In This Issue

2015 Proceedings of the National Academy of Sciences of the United States of America  
In This Issue Woody liana vines and tropical carbon storage The abundances of woody vines called lianas are increasing in tropical forests, which store nearly 30% of aboveground terrestrial carbon and serve as a significant global carbon sink. To assess the impact of lianas on carbon storage and sequestration in tropical forests, Geertje van der Heijden et al. (pp. 13267-13271) compared carbon storage in experimental plots in Panama that had been cleared of lianas with tropical forest plots
more » ... al forest plots that had not been cleared. After 3 years of growth, the plots with lianas displayed around 76% less accumulation of biomass than the liana-free plots. According to the authors, the difference is due to increased tree mortality and reduced tree growth when lianas are present. Liana plots also stored more aboveground carbon in leaves and less carbon in woody stems than liana-free plots. Carbon stored in leaves, the authors note, can return to the atmosphere much more quickly than carbon stored in woody stems. Simulations of future forest growth suggest that lianas may decrease long-term forest biomass storage by around 35%. The results suggest that growth and expansion of lianas throughout tropical forests may hamper the capacity of forests for carbon storage and accumulation, according to the authors. -P.G.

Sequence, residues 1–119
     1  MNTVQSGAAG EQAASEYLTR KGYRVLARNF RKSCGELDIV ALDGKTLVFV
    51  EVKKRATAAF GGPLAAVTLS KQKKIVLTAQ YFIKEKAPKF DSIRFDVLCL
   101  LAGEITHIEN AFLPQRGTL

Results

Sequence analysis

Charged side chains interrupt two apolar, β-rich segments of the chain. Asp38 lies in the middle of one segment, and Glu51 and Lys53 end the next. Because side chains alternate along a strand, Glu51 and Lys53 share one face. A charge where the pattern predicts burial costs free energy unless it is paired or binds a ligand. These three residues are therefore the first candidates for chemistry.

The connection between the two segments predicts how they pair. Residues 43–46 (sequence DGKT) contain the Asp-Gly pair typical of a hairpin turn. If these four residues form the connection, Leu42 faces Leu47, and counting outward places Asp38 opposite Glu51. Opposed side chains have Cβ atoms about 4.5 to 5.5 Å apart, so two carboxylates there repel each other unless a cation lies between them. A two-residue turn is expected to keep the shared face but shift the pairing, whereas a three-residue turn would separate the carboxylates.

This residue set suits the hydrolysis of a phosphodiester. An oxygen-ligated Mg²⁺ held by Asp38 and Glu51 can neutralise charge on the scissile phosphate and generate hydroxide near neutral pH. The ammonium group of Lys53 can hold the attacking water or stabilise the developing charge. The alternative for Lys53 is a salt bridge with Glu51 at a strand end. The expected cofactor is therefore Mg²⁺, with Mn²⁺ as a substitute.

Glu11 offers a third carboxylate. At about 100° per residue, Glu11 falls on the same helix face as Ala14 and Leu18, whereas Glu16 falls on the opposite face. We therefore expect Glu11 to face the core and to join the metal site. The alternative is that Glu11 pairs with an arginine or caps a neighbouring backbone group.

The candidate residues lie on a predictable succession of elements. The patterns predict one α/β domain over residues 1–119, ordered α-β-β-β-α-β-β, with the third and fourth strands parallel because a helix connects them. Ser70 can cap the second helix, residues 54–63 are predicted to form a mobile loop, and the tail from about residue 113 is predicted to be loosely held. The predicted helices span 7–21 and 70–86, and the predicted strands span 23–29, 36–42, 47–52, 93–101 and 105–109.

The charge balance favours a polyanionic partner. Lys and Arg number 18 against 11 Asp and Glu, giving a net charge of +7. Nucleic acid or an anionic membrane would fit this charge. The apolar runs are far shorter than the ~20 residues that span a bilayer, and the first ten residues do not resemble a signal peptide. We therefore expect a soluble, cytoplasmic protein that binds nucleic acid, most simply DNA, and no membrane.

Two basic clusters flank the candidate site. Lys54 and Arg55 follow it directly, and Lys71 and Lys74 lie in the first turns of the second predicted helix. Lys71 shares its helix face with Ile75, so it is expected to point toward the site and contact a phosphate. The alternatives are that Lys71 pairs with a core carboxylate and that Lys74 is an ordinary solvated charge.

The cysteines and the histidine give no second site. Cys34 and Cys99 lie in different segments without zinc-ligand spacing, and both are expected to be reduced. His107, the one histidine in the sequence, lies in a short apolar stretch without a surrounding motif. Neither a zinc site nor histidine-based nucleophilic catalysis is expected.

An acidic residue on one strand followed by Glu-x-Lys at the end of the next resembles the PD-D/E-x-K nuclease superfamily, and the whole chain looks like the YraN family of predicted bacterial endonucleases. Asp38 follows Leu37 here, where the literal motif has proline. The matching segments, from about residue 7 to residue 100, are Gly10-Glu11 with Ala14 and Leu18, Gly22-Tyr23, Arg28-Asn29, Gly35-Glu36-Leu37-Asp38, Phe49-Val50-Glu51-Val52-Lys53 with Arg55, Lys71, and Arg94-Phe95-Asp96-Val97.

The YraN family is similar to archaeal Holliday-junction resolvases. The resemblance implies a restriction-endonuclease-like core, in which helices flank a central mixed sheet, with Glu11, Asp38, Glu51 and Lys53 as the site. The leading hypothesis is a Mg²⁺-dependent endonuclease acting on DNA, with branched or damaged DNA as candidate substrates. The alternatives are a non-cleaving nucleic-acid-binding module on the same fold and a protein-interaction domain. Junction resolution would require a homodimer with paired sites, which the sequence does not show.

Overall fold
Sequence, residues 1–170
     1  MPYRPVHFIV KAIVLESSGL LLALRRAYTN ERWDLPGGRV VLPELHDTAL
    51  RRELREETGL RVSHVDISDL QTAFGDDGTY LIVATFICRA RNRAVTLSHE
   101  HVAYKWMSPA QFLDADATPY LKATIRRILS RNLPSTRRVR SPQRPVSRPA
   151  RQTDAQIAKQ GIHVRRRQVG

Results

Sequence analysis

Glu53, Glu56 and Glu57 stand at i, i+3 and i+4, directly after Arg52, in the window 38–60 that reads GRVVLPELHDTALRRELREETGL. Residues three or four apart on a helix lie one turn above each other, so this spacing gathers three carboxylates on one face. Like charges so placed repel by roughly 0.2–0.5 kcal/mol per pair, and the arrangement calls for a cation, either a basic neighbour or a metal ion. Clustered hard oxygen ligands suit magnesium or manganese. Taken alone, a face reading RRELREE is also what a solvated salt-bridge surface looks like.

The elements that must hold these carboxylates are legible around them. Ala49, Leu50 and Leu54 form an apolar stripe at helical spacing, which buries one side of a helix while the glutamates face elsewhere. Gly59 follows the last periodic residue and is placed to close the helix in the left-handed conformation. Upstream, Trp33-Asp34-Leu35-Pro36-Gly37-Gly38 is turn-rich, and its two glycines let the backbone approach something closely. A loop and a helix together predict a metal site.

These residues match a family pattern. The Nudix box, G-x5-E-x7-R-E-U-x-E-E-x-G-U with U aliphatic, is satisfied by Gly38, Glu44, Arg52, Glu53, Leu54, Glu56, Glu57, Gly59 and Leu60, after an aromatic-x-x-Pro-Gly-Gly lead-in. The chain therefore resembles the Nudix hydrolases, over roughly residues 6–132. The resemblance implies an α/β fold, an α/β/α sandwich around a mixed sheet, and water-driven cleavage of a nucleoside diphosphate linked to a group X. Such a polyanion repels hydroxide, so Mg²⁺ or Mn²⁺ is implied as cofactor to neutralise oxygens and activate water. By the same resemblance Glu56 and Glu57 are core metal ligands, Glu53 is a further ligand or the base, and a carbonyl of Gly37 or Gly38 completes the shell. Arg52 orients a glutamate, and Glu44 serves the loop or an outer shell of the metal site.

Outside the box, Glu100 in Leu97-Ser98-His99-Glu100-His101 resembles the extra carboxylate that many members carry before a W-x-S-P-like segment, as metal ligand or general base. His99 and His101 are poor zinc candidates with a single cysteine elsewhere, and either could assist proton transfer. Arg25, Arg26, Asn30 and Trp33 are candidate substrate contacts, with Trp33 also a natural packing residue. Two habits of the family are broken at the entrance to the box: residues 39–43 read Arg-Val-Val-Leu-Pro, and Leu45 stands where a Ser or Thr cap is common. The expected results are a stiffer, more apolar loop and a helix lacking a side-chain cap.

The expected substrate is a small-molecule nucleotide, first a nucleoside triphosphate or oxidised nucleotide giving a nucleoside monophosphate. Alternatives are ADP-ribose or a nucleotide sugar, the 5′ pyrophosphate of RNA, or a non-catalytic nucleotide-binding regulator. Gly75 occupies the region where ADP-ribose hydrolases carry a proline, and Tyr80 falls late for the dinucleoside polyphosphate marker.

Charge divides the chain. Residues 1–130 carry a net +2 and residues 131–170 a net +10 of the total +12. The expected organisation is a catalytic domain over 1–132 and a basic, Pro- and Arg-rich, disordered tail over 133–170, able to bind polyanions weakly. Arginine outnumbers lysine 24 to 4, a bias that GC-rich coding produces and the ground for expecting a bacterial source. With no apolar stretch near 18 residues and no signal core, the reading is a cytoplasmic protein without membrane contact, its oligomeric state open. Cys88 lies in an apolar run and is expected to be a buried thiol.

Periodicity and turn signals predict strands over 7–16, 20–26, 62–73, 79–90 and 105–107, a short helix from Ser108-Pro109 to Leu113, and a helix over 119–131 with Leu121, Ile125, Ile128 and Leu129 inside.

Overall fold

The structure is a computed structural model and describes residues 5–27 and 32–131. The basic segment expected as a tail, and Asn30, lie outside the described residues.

doi:10.1073/iti4315112 fatcat:rzl3gjgv2fgmdaimr7aco26e3m